Accept Who You Are
By Lorna Foreman
I’m not sure it’s possible, but I think I was born with the ‘hate-to-cook’ gene. Oh, I fully realize that it probably isn’t a scientific approach, but nevertheless, I certainly grew up with an aversion to domestic skills — of all kinds. Even my home economics teacher despaired at my ability to ever develop into a proper young 50s woman.
Being an only child who adored her father, I thought it was far more fun to learn carpentry skills and various other fix-it abilities. Unfortunately, the same 50s attitude stood in the way of my taking shop in high school. Looking back, I am sorry I did not at least try to help my mother.
When I graduated from high school and got a job, it was my absolute dream to save enough money and find my own place to live. I was not really prepared for life on my own and that’s when all the fun started. After all,I couldn’t eat out all the time and I got weary of deli take-out food. But, if nothing else, I was adventurous and without fear. I decided to celebrate my new apartment and invited a few friends I worked with to dinner. I was tired of eating out so much and decided I could do this.
Aha, I thought. I will treat them to a home cooked meal — the first in my new studio apartment. My mother’s excellent cooking gave me the idea to serve roast beef, roast potatoes, peas,Yorkshire pudding and apple pie. It couldn’t be that difficult, could it? I had watched my mother do a similar menu every Sunday for as long as I could remember.
I had learned from my dad, who worked for Canada Packers in Montreal, the best beef for roasting. Perfect. I asked my mother how long I should roast it, got her ‘no fail’ recipe for Yorkshire pudding as well as
her wonderful,flaky pastry recipe.I was all set — the beautiful roast, potatoes placed around it was put in the oven. I set the timer. Then came the Yorkshire pudding. At the same time, I put the peas on to cook. I had made the pastry the night before. All was well.
Now that should give you a hint of the disaster that was about to unfold.Yes, the roast was pretty good, the potatoes burnt, the ‘no fail’ pudding — a failure and unless you like green mush, then the peas just didn’t make the grade. I was embarrassed but my friends ate it all…true friends.The pie?Pastry was like cardboard.
I was embarrassed.After that I made a conscious decision to only date men who could cook. Sounds terribly superficial doesn’t it, but they were required to have other good qualities as well. It was not an easy decision to fulfil — remember this was the late 50s early 60s. Few men cooked in those days and certainly women were expected to. I dated a man for a few years who was a Cordon Bleu chef. He would give me a shopping list and he would do the cooking. He left me lots of leftovers and I filled the gaps with restaurant fare.That was a wonderful period of time but alas, it did not last.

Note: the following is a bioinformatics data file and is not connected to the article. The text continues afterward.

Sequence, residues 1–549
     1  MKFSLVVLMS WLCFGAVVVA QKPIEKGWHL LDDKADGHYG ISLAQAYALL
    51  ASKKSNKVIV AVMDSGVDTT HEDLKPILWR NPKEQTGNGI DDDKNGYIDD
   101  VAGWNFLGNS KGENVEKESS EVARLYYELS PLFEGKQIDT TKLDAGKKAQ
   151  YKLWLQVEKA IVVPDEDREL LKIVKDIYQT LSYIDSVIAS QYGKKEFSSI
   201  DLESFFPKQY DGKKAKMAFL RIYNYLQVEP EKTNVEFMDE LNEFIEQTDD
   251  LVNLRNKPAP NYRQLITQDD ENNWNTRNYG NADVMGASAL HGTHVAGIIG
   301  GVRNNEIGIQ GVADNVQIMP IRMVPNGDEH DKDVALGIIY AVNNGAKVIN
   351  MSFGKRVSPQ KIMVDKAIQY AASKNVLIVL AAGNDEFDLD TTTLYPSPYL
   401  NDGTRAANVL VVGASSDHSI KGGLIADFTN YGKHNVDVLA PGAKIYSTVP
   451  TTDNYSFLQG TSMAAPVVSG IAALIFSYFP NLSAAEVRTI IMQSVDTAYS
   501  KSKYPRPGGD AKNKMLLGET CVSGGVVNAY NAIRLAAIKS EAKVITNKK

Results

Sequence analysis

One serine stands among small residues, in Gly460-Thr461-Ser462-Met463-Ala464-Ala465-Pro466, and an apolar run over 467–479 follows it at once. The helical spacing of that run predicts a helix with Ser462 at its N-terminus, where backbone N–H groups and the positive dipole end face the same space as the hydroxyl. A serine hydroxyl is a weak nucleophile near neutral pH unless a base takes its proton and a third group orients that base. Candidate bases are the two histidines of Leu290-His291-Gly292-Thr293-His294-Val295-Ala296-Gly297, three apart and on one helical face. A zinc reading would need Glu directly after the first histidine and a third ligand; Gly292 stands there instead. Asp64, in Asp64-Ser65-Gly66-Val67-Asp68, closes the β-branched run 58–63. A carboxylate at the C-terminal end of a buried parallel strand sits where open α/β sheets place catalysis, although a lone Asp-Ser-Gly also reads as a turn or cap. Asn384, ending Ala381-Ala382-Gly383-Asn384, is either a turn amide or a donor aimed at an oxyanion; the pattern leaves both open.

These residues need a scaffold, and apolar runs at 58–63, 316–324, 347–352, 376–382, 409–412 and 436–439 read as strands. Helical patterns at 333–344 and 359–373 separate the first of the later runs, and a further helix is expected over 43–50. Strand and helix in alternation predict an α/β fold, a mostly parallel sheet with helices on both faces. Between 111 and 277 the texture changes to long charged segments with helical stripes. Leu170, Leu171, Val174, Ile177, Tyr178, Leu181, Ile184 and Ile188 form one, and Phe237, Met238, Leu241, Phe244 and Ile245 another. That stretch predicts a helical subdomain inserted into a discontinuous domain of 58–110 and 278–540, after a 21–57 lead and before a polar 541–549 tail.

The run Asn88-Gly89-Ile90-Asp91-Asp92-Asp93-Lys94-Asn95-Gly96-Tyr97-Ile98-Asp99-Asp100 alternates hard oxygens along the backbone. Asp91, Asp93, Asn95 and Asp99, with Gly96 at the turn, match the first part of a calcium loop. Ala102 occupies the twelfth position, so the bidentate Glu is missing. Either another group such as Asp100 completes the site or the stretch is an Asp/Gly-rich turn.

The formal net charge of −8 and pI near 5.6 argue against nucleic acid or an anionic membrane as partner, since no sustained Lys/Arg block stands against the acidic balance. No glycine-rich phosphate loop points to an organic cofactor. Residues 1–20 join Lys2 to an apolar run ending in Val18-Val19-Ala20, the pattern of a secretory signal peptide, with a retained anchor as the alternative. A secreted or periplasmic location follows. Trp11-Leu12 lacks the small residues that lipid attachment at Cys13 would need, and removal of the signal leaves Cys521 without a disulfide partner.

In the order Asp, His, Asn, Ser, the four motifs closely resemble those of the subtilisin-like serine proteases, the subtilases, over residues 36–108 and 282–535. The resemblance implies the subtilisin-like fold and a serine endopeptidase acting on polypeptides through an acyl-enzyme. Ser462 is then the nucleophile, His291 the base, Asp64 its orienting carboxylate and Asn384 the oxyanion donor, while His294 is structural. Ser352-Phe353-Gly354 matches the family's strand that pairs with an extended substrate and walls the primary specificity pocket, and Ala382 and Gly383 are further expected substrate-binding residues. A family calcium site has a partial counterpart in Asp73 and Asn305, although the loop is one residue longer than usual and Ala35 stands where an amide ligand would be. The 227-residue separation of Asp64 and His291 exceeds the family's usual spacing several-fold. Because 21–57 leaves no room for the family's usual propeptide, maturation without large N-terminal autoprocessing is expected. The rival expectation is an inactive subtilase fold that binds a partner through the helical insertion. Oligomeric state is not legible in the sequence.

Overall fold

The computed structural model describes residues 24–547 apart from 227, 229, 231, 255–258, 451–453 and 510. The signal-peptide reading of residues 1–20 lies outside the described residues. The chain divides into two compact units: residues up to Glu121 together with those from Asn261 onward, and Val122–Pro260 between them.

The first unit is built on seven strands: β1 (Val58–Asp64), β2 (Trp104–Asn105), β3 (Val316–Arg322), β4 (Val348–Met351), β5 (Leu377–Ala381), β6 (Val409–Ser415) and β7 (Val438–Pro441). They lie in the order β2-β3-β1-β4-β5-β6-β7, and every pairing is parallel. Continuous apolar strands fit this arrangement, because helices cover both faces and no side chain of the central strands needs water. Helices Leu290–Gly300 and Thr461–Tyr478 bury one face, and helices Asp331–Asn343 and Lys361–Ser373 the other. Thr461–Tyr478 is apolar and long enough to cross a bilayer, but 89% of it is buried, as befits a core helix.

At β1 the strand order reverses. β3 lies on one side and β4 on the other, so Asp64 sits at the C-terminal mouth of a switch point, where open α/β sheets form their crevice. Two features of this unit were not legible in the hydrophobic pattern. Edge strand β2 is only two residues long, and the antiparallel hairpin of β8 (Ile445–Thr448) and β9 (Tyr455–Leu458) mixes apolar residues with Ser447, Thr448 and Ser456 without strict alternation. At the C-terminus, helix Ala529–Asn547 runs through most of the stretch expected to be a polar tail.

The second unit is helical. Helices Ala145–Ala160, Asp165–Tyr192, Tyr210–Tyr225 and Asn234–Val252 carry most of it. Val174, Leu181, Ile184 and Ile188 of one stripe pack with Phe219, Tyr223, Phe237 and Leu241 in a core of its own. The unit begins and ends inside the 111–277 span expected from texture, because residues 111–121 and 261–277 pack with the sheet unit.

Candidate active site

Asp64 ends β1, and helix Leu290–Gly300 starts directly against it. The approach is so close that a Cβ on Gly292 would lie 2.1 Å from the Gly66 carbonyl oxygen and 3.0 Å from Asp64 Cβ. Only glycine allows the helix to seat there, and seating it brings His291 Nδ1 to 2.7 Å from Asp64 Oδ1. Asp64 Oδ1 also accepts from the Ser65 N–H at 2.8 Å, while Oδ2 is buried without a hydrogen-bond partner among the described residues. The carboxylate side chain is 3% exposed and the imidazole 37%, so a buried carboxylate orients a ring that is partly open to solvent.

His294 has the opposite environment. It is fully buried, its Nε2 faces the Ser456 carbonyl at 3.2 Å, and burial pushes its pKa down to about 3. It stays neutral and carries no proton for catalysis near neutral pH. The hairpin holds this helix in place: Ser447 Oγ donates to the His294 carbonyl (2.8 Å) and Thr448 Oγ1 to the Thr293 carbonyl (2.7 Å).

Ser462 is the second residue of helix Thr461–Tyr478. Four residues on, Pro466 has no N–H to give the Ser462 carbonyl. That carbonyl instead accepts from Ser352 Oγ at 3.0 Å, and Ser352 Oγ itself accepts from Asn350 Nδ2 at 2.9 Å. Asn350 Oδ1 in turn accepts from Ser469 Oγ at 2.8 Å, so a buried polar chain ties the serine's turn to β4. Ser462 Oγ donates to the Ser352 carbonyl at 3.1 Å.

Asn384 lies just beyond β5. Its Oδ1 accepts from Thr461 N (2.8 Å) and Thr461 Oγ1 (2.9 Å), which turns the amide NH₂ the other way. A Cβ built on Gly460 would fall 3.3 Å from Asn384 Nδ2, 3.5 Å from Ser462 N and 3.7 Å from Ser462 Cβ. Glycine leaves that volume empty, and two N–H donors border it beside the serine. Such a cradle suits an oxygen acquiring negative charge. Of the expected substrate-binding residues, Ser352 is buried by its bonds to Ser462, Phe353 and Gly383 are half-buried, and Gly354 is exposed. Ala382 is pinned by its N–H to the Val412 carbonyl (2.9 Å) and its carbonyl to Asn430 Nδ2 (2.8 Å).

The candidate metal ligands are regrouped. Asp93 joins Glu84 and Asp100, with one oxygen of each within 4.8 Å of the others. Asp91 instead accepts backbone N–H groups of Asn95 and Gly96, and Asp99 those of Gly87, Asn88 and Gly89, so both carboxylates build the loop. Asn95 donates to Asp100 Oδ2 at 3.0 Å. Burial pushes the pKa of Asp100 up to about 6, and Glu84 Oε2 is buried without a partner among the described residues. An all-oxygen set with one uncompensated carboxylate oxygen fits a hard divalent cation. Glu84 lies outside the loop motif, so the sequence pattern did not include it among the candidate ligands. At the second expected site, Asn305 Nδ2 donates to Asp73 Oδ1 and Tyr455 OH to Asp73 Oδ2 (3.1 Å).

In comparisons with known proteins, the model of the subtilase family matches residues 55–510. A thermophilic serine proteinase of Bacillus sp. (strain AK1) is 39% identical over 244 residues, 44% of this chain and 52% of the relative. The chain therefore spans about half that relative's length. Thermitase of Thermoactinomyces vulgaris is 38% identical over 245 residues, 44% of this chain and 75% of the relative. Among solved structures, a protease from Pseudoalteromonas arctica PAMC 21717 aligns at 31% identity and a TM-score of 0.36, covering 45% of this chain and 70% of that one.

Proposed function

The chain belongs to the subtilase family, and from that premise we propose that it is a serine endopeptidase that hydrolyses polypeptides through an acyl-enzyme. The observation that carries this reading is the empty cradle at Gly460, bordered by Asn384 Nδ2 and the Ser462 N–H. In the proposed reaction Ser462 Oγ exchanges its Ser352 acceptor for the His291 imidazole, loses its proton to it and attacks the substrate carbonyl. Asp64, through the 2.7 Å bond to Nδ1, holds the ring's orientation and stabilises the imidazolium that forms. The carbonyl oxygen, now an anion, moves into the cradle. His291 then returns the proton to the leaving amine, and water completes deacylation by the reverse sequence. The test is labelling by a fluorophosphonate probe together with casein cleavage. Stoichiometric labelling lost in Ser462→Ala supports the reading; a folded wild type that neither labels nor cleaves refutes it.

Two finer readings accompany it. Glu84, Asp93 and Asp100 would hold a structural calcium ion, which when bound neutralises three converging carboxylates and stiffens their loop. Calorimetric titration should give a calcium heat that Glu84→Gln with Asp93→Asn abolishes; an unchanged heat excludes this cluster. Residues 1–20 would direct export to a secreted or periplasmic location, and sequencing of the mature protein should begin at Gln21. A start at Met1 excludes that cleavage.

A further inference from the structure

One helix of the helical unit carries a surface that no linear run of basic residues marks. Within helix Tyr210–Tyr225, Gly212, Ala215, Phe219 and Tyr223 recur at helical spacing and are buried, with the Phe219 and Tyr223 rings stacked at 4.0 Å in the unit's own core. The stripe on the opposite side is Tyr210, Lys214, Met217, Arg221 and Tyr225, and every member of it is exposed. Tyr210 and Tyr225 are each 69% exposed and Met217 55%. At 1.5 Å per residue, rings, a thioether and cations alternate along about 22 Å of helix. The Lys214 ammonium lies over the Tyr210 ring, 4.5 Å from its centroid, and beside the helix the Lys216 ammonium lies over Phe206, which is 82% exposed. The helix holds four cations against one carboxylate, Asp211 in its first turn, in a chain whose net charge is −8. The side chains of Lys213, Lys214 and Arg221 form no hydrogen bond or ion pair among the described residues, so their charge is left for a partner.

Fast forward to 2005. My husband (who was an incredibly good cook) had died three years prior to that. I had coped over the years with a few tried and edible meals (meat balls, meat loaf, tuna casserole — all the easy things) but I did it with resentment.Ah! There’s the difference.
But help was on the way. I had a business partner. We planned workshops on making personal changes. My role was to add a more personal point of view, so I decided to use the concept and method on myself. I chose ‘how to learn to love cooking’.
Fifty-Five Plus Magazine • OTTAWA 42 • September 2016 Issue
Well it took about 2 months. I listed my goal and plotted the course to achieve it. Lo and behold it actually worked.
I can now say I really like cooking. Part of the change was being mindful of each step along the way. Ah! Mindfulness.
I now collect cooking magazines, tear recipes out of magazines and Google recipes. I have also included baking in this new ‘love’ and I am sure my mother is watching me and laughing her head off wherever she is. She was a fantastic baker and here I am doing the same. My carrot cake is fantastic (she says modestly).
It is interesting that it took so long to change my attitude because it really is just attitude. I really like eating so the kitchen is now my most used room. I guess I am proof that you can teach an old dog new tricks. It only took 72 years.
Bon appetit. ■
Lorna Foreman is a self-described 50-plus writer, author and artist who lives in Cornwall.